Kurt Weill spent his formative years in Dessau, where his father was the cantor in the local synagogue. Kurt’s first musical studies and experiences in the theater occurred there, setting the stage for his efflorescence in Berlin and ascent to world fame. Nowadays we also associate Dessau with the Bauhaus, the influential German architecture and design movement that relocated to Dessau around 1925, long after the Weill family had moved on. Now these two avatars of Dessau are linked in a brand-new permanent exhibition of Weill’s life and work which is placed in the newly reconstructed Moholy-Nagy House, next door to the Lyonel Feininger House which holds the Kurt Weill Zentrum.

The first day of the exhibition was 19 October 2019, during celebrations of the hundredth anniversary of the founding of the Bauhaus movement (and, ironically enough, very close to the hundredth anniversary of Weill’s departure from Dessau). The gala saw visits from representatives of the state government of Sachsen-Anhalt, the mayor of Dessau, officials of the Zentrum, and many other local dignitaries.

Titled “Kurt Weill–ein Weltenbürger und Dessauer” (Kurt Weill: world citizen and Dessau native), the interactive exhibit occupies three stories of the Moholy-Nagy House with a rich sampling of photos, text, and models (of the rowboat where Weill met Lotte Lenya, of the ship that carried both of them to the U.S. in 1935, and of course a shark). Each area of the exhibit has its own menu of audio clips that illuminate the material presented there, rather than a single isolated audio booth. With wall text and labels written by an international group of Weill experts, the exhibit presents a full panorama of Weill’s life and work. Whether a traditional portrait gallery or an interactive exploration of the “Kurt Weill Cosmos,” tracing Weill’s artistic connections and showing unexpected relationships among his compositions and the people who collaborated on them or performed them, the show has something for everyone. The exhibit was designed by the firm Plural.net and Professor Severin Wucher; the curator is Prof. Dr. Andreas Eichhorn of the University of Cologne, himself a Weill scholar who edited Weill’s works with solo violin for the Kurt Weill Edition.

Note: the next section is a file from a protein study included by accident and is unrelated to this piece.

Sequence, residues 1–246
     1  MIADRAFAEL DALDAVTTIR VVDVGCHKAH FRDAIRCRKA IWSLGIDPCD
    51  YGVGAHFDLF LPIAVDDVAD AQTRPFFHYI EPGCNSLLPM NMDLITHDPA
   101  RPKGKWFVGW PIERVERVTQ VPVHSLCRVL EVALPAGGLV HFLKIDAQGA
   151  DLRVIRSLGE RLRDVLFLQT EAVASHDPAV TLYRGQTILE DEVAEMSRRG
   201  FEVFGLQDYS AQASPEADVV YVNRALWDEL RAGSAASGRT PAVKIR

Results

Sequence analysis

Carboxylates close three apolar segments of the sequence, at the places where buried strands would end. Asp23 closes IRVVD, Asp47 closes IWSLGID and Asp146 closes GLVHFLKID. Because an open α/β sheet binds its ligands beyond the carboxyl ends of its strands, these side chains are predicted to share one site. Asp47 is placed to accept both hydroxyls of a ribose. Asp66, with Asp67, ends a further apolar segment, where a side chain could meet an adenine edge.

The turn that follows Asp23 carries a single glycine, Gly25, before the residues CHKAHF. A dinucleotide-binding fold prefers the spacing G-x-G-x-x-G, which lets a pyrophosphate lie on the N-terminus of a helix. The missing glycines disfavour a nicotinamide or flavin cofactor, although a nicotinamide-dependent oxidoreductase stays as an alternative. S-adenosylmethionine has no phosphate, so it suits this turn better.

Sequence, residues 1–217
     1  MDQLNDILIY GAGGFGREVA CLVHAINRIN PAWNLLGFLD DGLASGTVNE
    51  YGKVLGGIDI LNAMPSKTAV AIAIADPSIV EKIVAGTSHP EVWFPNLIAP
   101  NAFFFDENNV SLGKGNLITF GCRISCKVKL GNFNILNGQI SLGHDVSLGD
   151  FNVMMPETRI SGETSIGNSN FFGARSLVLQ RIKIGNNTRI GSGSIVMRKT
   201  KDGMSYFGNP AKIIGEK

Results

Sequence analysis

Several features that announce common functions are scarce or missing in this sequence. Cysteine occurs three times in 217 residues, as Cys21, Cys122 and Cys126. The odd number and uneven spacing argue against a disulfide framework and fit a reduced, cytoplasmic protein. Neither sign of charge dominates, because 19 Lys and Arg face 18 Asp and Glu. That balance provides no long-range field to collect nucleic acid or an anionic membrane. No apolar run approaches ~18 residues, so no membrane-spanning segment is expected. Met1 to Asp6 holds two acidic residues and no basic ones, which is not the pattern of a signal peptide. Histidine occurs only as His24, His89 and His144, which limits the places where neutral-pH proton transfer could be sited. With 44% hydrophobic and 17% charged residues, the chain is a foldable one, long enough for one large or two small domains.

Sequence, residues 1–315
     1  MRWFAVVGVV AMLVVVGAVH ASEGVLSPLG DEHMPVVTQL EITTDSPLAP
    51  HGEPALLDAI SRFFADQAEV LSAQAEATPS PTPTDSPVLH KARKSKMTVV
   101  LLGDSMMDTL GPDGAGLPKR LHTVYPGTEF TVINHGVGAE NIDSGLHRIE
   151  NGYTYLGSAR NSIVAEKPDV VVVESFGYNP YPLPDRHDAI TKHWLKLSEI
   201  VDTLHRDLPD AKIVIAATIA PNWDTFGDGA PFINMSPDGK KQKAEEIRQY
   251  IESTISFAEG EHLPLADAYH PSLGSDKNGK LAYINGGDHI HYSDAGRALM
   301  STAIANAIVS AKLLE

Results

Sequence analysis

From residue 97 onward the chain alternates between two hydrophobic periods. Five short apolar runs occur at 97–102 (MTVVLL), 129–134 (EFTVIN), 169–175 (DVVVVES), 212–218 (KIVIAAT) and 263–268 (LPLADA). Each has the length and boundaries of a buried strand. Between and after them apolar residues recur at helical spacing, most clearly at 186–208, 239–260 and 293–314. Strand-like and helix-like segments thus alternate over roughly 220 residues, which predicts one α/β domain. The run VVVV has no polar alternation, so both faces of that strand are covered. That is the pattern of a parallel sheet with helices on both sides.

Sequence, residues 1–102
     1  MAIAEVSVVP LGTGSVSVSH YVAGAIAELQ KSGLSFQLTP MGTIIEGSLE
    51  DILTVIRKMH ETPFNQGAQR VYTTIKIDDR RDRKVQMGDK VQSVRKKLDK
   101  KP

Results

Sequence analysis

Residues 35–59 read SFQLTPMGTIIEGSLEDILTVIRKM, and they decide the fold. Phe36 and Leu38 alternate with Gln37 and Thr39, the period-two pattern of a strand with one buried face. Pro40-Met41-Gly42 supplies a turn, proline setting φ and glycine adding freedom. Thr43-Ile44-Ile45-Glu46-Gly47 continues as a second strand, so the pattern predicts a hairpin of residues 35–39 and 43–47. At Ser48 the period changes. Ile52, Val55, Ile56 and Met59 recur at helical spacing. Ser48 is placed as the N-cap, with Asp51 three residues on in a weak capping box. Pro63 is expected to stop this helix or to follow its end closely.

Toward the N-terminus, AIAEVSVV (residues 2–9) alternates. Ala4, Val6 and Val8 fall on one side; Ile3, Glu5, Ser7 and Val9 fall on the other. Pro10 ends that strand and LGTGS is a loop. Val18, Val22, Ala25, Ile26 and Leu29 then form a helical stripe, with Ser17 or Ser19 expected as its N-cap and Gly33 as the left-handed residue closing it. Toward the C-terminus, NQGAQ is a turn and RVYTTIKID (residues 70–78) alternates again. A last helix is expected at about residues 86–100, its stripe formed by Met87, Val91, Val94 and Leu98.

Patrons include the government of Sachsen-Anhalt and Bauhaus Dessau. The Kurt Weill Foundation provided dozens of images for display. The exhibit is open daily from October through March.


Exhibit home page

Exhibit flyer (in German)


All photos by Plural Berlin/Leipzig, Frank Übler


Visitors at Kurt Weill Exhibit in Dessau

View of the exhibition space showing multiple levels


Kurt Weill Cosmos illustration

This panel shows the “Kurt Weill Cosmos,” revealing connections between Weill and other artists


Portrait gallery at the Kurt Weill Exhibit in Dessau

Weill portrait gallery


Typical panel for an area of the Kurt Weill Exhibit in Dessau

Panel with German and English text placed at the beginning of the Weill in America portion of the exhibit